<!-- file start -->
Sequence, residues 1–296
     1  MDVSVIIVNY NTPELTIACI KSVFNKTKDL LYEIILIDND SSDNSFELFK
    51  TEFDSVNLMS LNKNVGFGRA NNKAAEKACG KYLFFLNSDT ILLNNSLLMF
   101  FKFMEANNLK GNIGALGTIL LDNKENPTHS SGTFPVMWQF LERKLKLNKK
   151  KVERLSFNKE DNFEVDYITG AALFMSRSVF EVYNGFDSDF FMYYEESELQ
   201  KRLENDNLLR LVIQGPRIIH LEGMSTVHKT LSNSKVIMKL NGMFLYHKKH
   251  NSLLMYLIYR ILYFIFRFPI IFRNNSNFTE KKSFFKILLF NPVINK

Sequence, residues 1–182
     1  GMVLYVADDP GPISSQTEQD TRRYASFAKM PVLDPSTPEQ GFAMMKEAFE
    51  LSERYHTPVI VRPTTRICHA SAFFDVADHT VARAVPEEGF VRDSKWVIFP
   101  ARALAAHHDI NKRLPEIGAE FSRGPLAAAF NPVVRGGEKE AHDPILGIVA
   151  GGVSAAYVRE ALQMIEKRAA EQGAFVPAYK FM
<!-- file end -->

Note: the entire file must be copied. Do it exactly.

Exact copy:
Sequence, residues 1–296
     1  MDVSVIIVNY NTPELTIACI KSVFNKTKDL LYEIILIDND SSDNSFELFK
    51  TEFDSVNLMS LNKNVGFGRA NNKAAEKACG KYLFFLNSDT ILLNNSLLMF
   101  FKFMEANNLK GNIGALGTIL LDNKENPTHS SGTFPVMWQF LERKLKLNKK
   151  KVERLSFNKE DNFEVDYITG AALFMSRSVF EVYNGFDSDF FMYYEESELQ
   201  KRLENDNLLR LVIQGPRIIH LEGMSTVHKT LSNSKVIMKL NGMFLYHKKH
   251  NSLLMYLIYR ILYFIFRFPI IFRNNSNFTE KKSFFKILLF NPVINK

Sequence, residues 1–182
     1  GMVLYVADDP GPISSQTEQD TRRYASFAKM PVLDPSTPEQ GFAMMKEAFE
    51  LSERYHTPVI VRPTTRICHA SAFFDVADHT VARAVPEEGF VRDSKWVIFP
   101  ARALAAHHDI NKRLPEIGAE FSRGPLAAAF NPVVRGGEKE AHDPILGIVA
   151  GGVSAAYVRE ALQMIEKRAA EQGAFVPAYK FM